Championship clubs reject 'franchise model' for rugby union's second tier

Championship clubs have rejected plans to join a franchised second tier of English club rugby.

The 11 second-tier sides have been in talks with the Rugby Football Union (RFU) over the future of the club game after the demise of Jersey Reds, Wasps, Worcester and London Irish.

Plans for a 'Premiership 2' to start in 2025 had been proposed.

But sides want a "whole game solution" and object to "non-meritocratic entry" to a revamped second tier.

Clubs added that they were unwilling to commit to a tender process and had significant doubt that any sides would be promoted to the top flight. The last non-Premiership shareholder to make the first tier of English rugby was London Welsh in 2014.

"We hope and expect that the Rugby Football Union will wish to continue to support our league as part of a whole-game approach to solving the sport's challenges," a statement from the 11 clubs read.

"This league, as its principles make clear, will fulfil vital roles in the development of the game in England.

"It would, if permitted, also continue to act as a connecting bridge between the Premiership, the England national set-up and the rest of the sport at National League and all other levels.

"We believe this is the only sustainable way forward. It ensures the integrity and the competitive heartbeat of our sport.

"It will be the best guarantee available for the success of future efforts to improve the quality of play and the quantity of participation, from top to bottom, of English rugby."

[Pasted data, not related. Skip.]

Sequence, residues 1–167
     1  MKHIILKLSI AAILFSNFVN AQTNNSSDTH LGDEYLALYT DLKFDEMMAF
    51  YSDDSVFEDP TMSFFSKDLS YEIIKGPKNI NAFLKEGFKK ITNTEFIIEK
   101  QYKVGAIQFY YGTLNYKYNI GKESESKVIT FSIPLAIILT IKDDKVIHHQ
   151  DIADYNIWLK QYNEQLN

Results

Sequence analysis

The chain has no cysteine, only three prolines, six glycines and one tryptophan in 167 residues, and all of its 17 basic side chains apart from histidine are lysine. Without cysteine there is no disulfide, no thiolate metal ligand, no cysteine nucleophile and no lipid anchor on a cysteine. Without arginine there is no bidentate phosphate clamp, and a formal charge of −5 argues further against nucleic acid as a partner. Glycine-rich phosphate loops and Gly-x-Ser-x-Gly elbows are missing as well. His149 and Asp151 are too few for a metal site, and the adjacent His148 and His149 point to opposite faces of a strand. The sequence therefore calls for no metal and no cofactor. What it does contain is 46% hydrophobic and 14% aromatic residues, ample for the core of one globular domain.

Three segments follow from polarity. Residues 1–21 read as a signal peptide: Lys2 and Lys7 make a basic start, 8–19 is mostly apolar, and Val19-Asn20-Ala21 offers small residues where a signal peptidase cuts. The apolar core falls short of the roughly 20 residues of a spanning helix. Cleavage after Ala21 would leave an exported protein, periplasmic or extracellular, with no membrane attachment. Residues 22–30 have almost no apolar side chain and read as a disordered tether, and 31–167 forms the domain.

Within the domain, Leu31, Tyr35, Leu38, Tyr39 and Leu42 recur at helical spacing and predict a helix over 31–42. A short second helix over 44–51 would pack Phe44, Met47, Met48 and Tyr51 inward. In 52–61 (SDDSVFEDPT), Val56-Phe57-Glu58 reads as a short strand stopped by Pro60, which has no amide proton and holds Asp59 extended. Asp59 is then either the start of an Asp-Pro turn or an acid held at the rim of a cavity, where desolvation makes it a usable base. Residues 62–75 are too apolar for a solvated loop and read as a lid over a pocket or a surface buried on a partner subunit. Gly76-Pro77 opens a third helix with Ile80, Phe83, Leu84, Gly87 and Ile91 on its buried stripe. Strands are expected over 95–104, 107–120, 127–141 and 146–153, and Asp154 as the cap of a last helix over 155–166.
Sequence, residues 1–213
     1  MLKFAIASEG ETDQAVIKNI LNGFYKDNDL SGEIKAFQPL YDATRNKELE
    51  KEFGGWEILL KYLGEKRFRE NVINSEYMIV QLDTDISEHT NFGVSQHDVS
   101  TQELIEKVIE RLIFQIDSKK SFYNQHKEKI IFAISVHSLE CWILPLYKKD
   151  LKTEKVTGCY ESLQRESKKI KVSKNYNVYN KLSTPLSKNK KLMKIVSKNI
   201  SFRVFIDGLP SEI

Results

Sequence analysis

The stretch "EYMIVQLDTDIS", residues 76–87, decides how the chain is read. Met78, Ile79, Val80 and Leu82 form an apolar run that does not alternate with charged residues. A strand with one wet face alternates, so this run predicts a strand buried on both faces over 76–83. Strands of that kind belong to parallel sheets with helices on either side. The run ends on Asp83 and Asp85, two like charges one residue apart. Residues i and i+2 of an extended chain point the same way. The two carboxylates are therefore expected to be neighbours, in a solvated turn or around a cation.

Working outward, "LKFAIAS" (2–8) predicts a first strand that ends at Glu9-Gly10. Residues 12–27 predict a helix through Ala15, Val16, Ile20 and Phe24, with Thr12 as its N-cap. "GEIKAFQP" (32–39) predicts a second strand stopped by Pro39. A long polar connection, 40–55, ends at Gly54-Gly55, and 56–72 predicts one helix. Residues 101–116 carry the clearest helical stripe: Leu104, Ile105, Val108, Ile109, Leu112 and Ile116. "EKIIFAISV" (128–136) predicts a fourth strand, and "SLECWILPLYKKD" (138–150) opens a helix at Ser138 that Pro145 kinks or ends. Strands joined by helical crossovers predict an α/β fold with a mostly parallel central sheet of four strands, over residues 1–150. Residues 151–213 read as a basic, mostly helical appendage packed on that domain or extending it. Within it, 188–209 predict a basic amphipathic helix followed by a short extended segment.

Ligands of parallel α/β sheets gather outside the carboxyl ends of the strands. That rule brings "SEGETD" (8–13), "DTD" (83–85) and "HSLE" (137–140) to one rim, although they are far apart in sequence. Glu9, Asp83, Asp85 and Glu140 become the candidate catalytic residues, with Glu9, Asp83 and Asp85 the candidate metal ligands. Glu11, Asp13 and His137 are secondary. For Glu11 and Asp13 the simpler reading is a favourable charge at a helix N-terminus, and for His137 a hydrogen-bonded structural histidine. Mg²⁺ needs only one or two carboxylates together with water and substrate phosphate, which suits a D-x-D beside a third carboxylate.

'We fully appreciate the consequential effects'

Championship champions Jersey Reds have gone into liquidation after ceasing trading in late September, after three rounds of the Premiership Rugby Cup campaign.

The island side's ground did not meet top-flight standards of a minimum capacity of 10,000 meaning they were unable to go up despite winning the title.

It is a hurdle that has also affected last season's runners-up Ealing, who had won the previous title and have been second to every relegated Premiership side that have regained promotion at the first attempt since the 2015-16 season.

"On the vexed matter of promotion and relegation, we will always believe in the right of the best to rise to the top," the statement added.

"At present, the well-identified barriers put in our way make this a pipe-dream, but we will work unceasingly to challenge and correct this.

"Along with other observers, we have to acknowledge the position in which the Premiership finds itself, and we all have to find a sustainable way forward.

"For the National Leagues and below, we would welcome the competition that our vision of the future guarantees, a future based on on-field success.

"We fully appreciate the consequential effects of our decision to reject a franchise system.

"However, we feel certain that we have taken account of all the key components that can form a successful and sustainable recovery of rugby in this country, at least as far as it concerns the elements of the future that we can influence."